The star has to go on radiating and radiating and contracting and contracting until, I suppose, it gets down to a few km radius, when gravity becomes strong enough to hold in the radiation, and the star can at last find peace. Miller 's biography of Chandrasekhar. Chandra's discovery might well have transformed and accelerated developments in both physics and astrophysics in the s. Instead, Eddington's heavy-handed intervention lent weighty support to the conservative community astrophysicists, who steadfastly refused even to consider the idea that stars might collapse to nothing. As a result, Chandra's work was almost forgotten.
The core of a star is kept from collapsing by the heat generated by the fusion of nuclei of lighter elements into heavier ones. At various stages of stellar evolution , the nuclei required for this process are exhausted, and the core collapses, causing it to become denser and hotter. A critical situation arises when iron accumulates in the core, since iron nuclei are incapable of generating further energy through fusion.
If the core becomes sufficiently dense, electron degeneracy pressure will play a significant part in stabilizing it against gravitational collapse. If a main-sequence star is not too massive less than approximately 8 solar masses , it eventually sheds enough mass to form a white dwarf having mass below the Chandrasekhar limit, which consists of the former core of the star. For more-massive stars, electron degeneracy pressure does not keep the iron core from collapsing to very great density, leading to formation of a neutron star , black hole , or, speculatively, a quark star.
For very massive, low- metallicity stars, it is also possible that instabilities destroy the star completely. Most of this energy is carried away by the emitted neutrinos. Type Ia supernovae derive their energy from runaway fusion of the nuclei in the interior of a white dwarf. This fate may befall carbon — oxygen white dwarfs that accrete matter from a companion giant star , leading to a steadily increasing mass. As the white dwarf's mass approaches the Chandrasekhar limit, its central density increases, and, as a result of compressional heating, its temperature also increases.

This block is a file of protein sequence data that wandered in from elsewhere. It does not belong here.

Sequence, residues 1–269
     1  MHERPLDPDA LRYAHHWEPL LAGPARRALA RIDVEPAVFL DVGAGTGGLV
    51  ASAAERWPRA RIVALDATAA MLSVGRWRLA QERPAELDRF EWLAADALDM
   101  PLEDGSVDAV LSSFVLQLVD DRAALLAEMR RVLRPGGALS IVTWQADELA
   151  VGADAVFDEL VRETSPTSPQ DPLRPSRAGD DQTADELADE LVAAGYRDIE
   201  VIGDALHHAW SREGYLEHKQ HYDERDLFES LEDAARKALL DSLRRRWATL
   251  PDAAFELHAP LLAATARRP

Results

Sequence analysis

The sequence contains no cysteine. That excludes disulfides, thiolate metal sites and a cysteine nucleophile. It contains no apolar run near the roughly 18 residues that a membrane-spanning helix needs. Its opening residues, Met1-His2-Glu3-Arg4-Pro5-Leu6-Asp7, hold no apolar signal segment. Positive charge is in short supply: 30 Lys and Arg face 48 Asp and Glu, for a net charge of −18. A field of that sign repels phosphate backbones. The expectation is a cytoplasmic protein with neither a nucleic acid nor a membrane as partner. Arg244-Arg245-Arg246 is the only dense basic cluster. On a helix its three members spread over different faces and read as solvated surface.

This eventually ignites nuclear fusion reactions, leading to an immediate carbon detonation , which disrupts the star and causes the supernova.
This seems to indicate that all type Ia supernovae convert approximately the same amount of mass to energy. According to a group of astronomers at the University of Toronto and elsewhere, the observations of this supernova are best explained by assuming that it arose from a white dwarf that grew to twice the mass of the Sun before exploding. Branch, may have been spinning so fast that a centrifugal tendency allowed it to exceed the limit. Alternatively, the supernova may have resulted from the merger of two white dwarfs, so that the limit was only violated momentarily.
Nevertheless, they point out that this observation poses a challenge to the use of type Ia supernovae as standard candles. Since the observation of the Champagne Supernova in , more very bright type Ia supernovae have been observed that are thought to have originated from white dwarfs whose masses exceeded the Chandrasekhar limit. However, spectropolarimetric observations of SN dc showed it had a polarization smaller than 0.
After a supernova explosion, a neutron star may be left behind. These objects are even more compact than white dwarfs and are also supported, in part, by degeneracy pressure. A neutron star, however, is so massive and compressed that electrons and protons have combined to form neutrons, and the star is thus supported by neutron degeneracy pressure as well as short-range repulsive neutron-neutron interactions mediated by the strong force instead of electron degeneracy pressure. The limiting value for neutron star mass, analogous to the Chandrasekhar limit, is known as the Tolman—Oppenheimer—Volkoff limit.
From Wikipedia, the free encyclopedia.
Maximum mass of a stable white dwarf star. Main article: Champagne Supernova. Three Hundred Years of Gravitation 1st pbk. Cambridge: Cambridge University Press. In Bethe, Hans A. Bibcode : febh. Science PDF. Bibcode : Sci Chandrasekhar limit: The maximum mass of a white dwarf star, about 1. Above this mass, the gravitational pull becomes too great, and the star must collapse to a neutron star or black hole Philosophical Magazine. Astrophysical Journal.
Bibcode : ApJ Monthly Notices of the Royal Astronomical Society.
Bibcode : ZPhy Bibcode : PhyU The Observatory.